One can’t really compare Legendary Entertainment’s “Monsterverse” to the success of Marvel’s MCU—at least not yet—but say what you will, you can at least give it one specific bit of praise: At least it’s managed to both entertain and turn a profit more consistently than DC’s superhero films. So in the world of the “shared universe,” it has someone else to point and sneer at.
Today, we have received news that the Monsterverse’s fourth film, Godzilla vs. Kong, will reportedly begin filming this year, in late 2018. That film, shooting in Atlanta, Georgia, would wrap up in early 2019 and receive a 2020 release date, which means it’s still a ways away. After all, we still have Godzilla: King of The Monsters to look forward to first, director Michael Dougherty’s sequel to Gareth Edwards’ 2014 Godzilla reboot. That film, which has wrapped filming, is scheduled for March of 2019.
The entire Monsterverse series has been an interesting experiment in how to make potential blockbusters, as each film has handed a well-known property into the hands of up-and-coming directors. First there was Gareth Edwards, who was known for his cheap-as-hell 2010 indie film Monsters before being handed the reins to Godzilla. That gamble worked out, as the film was fairly well received, and Edwards went on to direct Rogue One as a reward. Then Kong: Skull Island was handed to Jordan Vogt-Roberts, whose only previous feature had been 2013 indie comedy The Kings of Summer.
Likewise, Godzilla: King of the Monsters and Godzilla vs. Kong are in the hands of directors who are mostly known for lower budget genre efforts. The first is directed by Michael Dougherty, the director of what we called the ultimate Halloween night cult movie, Trick ‘r Treat. The second is from Adam Wingard, who directed some great indie horror/thrillers such as You’re Next and The Guest before stumbling with last year’s Blair Witch remake. Let’s hope that Godzilla vs. Kong is a project that gets him back on his feet, artistically. Vogt-Roberts, at least, seems confident.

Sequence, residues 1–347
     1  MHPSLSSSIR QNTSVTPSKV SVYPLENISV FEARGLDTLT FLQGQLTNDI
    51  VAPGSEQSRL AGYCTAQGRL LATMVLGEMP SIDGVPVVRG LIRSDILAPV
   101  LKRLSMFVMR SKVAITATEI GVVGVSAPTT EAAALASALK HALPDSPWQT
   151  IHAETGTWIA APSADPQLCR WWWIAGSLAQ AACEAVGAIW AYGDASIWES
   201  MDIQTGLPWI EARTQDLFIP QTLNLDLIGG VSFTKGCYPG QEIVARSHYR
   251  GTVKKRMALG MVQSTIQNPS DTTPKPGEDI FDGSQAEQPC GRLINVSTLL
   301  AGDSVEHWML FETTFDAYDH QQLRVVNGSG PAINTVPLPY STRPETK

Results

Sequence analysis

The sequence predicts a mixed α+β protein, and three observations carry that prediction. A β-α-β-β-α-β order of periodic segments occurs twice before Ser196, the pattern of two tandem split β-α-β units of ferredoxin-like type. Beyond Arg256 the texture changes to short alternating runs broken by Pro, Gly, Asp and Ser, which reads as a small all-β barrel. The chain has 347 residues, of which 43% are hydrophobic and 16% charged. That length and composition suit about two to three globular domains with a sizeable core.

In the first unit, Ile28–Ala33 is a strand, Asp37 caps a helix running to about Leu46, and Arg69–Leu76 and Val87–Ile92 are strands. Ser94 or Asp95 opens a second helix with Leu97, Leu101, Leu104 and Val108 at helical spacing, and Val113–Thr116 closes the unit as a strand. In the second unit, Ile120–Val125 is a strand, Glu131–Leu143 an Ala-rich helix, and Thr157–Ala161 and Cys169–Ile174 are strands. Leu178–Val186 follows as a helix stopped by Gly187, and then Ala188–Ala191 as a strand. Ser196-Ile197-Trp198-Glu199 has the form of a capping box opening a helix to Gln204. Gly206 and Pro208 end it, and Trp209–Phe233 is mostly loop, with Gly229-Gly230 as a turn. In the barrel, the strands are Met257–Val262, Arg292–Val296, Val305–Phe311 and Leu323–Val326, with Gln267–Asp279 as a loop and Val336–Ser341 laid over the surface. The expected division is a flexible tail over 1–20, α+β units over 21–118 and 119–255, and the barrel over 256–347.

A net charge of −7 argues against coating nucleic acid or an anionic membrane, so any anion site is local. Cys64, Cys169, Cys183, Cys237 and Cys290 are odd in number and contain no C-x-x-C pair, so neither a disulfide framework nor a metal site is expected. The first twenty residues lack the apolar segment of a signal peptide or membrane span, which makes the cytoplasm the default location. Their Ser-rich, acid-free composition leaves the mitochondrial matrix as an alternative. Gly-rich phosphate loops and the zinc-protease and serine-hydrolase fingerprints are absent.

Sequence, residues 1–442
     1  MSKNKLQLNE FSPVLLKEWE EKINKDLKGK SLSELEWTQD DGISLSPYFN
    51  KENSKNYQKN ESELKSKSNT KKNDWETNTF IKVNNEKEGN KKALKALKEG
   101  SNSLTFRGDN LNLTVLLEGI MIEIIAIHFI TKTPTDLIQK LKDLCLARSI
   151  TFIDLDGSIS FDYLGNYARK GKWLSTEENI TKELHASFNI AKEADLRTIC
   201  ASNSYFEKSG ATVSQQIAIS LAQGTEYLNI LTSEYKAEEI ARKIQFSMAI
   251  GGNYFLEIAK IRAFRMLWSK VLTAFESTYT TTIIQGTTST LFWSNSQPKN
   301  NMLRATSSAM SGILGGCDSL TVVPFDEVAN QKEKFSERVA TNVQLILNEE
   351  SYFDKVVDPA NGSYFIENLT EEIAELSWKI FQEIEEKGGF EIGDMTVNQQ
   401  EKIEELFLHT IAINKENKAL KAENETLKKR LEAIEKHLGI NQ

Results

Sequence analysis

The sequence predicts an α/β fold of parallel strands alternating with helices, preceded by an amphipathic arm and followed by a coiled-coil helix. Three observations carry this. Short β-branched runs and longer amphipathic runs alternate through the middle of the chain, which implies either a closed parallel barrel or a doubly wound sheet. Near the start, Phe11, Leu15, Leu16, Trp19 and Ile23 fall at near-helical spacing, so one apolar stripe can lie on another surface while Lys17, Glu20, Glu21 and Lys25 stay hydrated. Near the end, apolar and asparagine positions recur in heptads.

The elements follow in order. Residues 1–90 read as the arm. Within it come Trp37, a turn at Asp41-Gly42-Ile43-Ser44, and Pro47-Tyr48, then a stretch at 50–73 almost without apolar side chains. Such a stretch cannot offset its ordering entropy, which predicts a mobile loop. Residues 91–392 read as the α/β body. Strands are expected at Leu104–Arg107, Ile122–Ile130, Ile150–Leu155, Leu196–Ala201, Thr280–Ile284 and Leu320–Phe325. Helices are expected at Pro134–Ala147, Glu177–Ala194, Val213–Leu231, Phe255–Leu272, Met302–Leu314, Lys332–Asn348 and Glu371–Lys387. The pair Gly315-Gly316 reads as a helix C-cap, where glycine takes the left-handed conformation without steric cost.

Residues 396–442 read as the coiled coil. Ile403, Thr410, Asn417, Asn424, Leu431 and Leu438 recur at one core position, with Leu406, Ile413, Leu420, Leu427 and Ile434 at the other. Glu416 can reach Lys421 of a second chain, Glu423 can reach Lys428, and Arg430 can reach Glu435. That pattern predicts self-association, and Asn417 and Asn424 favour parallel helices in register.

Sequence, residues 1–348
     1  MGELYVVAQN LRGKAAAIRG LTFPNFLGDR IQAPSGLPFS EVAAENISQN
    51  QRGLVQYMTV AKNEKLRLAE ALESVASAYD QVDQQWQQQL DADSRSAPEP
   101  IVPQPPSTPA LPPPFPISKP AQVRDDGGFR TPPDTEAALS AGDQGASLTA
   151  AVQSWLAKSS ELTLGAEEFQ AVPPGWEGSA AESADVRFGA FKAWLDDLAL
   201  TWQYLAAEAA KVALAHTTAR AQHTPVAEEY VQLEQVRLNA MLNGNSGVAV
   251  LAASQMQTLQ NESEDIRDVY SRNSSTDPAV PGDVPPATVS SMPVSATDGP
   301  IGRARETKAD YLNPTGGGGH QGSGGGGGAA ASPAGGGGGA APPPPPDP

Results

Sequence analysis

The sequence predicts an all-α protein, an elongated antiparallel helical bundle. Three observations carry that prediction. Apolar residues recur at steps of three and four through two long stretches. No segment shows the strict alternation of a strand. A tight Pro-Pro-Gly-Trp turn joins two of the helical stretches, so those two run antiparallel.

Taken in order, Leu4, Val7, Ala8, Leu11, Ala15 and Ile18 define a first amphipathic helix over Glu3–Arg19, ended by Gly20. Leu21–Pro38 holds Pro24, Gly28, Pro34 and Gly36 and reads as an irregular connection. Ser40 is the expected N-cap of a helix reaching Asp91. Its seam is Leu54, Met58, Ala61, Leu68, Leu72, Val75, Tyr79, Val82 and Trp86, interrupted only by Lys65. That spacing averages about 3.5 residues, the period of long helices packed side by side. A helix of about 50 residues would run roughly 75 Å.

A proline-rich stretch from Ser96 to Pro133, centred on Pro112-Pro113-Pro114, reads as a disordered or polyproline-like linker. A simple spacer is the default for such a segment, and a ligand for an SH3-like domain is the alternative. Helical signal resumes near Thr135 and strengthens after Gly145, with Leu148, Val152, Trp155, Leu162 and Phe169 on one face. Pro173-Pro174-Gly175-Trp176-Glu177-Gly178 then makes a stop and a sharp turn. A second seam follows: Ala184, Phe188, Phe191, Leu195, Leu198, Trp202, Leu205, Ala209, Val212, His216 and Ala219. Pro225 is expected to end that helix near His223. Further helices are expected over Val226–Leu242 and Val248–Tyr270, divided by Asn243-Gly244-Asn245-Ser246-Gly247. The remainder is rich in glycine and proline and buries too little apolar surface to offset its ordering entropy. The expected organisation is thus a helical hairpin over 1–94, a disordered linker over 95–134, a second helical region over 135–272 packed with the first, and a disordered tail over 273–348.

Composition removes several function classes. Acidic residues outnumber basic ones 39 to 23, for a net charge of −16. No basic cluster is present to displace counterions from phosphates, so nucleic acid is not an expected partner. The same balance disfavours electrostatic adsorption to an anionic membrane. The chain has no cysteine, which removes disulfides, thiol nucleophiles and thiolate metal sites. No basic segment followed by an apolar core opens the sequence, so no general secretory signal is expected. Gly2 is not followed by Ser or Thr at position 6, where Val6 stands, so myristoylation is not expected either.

“Talking to Adam made me so happy because he, in particular, really understands the kind of anime, manga, mech sensibility that I was trying to bring to Kong,” Roberts told Collider. “He gets that and that was something that I fought so hard for and was so difficult to sort of realize to life through concept to execution with ILM [Industrial Light and Magic.] That’s one of the things I’m most proud of with him. I think he truly gets that and he truly wants to lean into this version of Kong that kind of was born from my crazy and stupid videogame brain.”
Most of the questions swirling around Godzilla vs. Kong tend to deal with how you can present Kong, the giant gorilla, as a serious threat to the skyscraper-sized Godzilla, who was larger than ever in Edwards’ 2014 film. In the 1962 original King Kong vs. Godzilla from Japan’s Toho Studios, Kong was presented as being the same size as Godzilla, but much has changed. The writers will likely have to get creative here in order to either upscale Kong or shrink Big G down to size. Also unknown is whether any of the other classic Godzilla series kaiju rumored for King of the Monsters will make an appearance in Godzilla vs. Kong. We’ll be waiting with bated breath for a hopeful glimpse of Gigan: 2020.